As a variety of political groups struggle to get more women running for and into political office, the attempt to grow the ranks of women in politics is hitting a pretty deliberate roadblock.
Male politicians are trying to force them right back out.
It’s not a partisan issue, either. According to an analysis done by Talking Points Memo, female politicians have taken the brunt of the damage from the 2012 redistricting proposals, regardless of which party was in charge of redrawing maps. When it came to creating less incumbent-friendly districts or pitting incumbents against another incumbent, the candidates involved were often female, even despite the fact that there were so many fewer of them in office to begin with.
TPM points to North Carolina, where Democratic women, especially leaders, are forced to fight against each other for new districts. “In all, 10 of 25 Democratic women lawmakers in the state were either ‘double bunked’ — forced into a district with another incumbent — or drawn into heavily Republican districts,” writes Sarah Libby.
Democratic women in New Jersey have had the same issue. “In New Jersey, where women accounted for 28 percent of the 2011 Legislature, they made up 70 percent of the legislators who retired as a result of redistricting.”
But in Colorado, it’s Republican women who took the hit. “Take Colorado, for example,” says Libby, “which has the highest percentage (40) of female lawmakers in the county and where Democrats essentially controlled the redistricting process via a special commission. ‘Three of the nine Republican women in the House will have to run in a primary with another GOP incumbent. Two of them, House Majority Leader Amy Stephens and Rep. B.J. Nikkel, the majority whip, are in leadership,’ according to the Denver Post.”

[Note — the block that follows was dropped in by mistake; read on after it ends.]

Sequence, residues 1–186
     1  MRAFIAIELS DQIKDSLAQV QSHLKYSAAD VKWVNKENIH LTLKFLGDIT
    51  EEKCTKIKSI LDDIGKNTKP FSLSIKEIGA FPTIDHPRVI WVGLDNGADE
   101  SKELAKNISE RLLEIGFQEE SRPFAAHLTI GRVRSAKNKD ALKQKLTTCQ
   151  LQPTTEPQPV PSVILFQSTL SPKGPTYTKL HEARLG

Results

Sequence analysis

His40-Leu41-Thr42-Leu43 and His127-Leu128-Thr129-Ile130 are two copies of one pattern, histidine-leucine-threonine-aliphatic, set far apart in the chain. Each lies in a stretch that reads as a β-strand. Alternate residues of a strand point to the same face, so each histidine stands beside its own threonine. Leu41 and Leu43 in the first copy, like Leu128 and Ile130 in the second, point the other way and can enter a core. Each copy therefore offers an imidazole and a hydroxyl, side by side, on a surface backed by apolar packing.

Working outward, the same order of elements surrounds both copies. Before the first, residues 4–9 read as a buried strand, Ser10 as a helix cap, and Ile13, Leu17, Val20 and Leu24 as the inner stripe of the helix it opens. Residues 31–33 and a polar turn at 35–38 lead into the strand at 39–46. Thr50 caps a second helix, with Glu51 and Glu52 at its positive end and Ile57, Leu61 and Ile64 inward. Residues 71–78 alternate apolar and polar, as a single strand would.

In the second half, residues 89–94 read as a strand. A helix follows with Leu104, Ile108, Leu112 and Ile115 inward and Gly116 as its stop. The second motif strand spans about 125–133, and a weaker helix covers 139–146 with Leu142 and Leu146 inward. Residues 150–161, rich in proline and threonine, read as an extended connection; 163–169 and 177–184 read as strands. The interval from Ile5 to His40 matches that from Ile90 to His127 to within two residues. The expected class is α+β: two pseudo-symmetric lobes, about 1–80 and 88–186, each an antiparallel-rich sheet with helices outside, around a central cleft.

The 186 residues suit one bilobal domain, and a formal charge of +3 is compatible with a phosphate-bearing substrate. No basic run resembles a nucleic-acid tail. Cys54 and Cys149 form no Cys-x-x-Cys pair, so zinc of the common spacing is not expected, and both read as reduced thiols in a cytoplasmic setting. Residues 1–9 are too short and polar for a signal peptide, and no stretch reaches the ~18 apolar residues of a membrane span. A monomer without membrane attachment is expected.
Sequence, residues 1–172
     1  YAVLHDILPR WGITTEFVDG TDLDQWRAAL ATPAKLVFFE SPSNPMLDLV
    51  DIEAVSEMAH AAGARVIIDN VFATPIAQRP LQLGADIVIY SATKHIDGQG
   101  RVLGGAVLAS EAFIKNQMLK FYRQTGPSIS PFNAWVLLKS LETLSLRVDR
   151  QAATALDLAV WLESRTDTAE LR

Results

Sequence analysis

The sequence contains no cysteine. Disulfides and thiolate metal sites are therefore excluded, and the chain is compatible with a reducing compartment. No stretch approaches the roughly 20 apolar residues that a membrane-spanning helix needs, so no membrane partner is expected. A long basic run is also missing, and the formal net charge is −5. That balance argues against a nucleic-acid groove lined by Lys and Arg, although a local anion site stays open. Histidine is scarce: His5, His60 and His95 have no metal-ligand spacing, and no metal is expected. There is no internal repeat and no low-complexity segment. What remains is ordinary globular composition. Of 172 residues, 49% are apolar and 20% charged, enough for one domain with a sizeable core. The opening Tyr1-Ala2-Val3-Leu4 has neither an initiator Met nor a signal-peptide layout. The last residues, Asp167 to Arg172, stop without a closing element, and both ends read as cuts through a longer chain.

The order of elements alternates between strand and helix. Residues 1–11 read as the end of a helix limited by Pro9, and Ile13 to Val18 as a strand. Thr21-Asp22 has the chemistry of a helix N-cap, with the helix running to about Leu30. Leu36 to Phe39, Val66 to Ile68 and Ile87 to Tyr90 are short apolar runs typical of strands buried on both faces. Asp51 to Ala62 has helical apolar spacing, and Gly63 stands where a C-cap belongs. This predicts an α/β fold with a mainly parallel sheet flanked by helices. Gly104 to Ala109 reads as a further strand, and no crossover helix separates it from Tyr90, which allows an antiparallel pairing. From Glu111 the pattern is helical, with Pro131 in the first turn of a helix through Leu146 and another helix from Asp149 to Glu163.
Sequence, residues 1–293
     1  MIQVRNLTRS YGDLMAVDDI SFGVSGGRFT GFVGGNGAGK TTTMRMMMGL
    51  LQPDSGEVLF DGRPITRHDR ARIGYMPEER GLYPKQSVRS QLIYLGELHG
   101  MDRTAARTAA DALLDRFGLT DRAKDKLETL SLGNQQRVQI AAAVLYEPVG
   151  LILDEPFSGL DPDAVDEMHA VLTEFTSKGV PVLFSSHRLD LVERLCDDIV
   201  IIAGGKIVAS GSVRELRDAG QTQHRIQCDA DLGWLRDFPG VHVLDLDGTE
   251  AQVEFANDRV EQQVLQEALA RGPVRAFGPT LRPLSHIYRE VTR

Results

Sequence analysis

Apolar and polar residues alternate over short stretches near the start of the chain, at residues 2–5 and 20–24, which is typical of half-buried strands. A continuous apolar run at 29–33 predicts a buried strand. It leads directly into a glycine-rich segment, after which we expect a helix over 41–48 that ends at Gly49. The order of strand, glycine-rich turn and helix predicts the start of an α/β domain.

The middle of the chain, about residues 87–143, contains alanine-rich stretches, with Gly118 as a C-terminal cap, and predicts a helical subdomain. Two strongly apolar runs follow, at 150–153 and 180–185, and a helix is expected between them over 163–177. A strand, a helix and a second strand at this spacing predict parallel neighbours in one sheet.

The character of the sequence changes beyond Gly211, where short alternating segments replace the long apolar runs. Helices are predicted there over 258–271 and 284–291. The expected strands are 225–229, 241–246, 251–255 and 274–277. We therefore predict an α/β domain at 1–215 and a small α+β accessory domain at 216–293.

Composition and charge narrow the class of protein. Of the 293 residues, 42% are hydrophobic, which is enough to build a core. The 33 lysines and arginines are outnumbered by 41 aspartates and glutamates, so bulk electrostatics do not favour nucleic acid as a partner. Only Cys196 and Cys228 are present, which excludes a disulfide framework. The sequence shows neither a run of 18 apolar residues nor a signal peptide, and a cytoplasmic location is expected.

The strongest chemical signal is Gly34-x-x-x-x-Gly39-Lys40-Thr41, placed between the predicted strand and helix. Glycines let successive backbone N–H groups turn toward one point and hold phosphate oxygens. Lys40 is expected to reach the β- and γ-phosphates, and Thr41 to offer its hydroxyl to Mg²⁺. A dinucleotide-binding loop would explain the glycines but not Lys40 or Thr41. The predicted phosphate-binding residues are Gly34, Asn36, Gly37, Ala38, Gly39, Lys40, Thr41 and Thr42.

Minnesota saw the same issue. With the Republican party in charge of redistricting, many of the new incumbent vs incumbent matchups, such as John Marty (no relation) vs. Mary Jo McGuire. Marty ended up with the DFL (Democratic Party) endorsement, leaving McGuire without a district.
It happened repeatedly across Minnesota, with women losing or backing out of a majority of the battles. Even Republican women were put up against rivals in their own party, and losing out, such as one of the few Republican legislatures being put up against the House Majority leader.
As Politics in Minnesota wrote, it was no doubt deliberate, and effective. “Recruiting and electing more women in the predominantly male Minnesota Legislature has been an issue for decades, but the release of the state’s redistricting maps in February has intensified a feeling among some female lawmakers that they are being pushed out of St. Paul. Out of a total of 16 incumbent-on-incumbent matchups as a result of the new political maps, 10 pitted a male incumbent against a female lawmaker. In the four male-versus-female intraparty incumbent pairings that made it all the way to an endorsement contest, only one woman came out the victor.”
We’re already having a difficult time getting women into office. Now it looks like it’s even harder to keep them there, thanks in part to their male colleagues.
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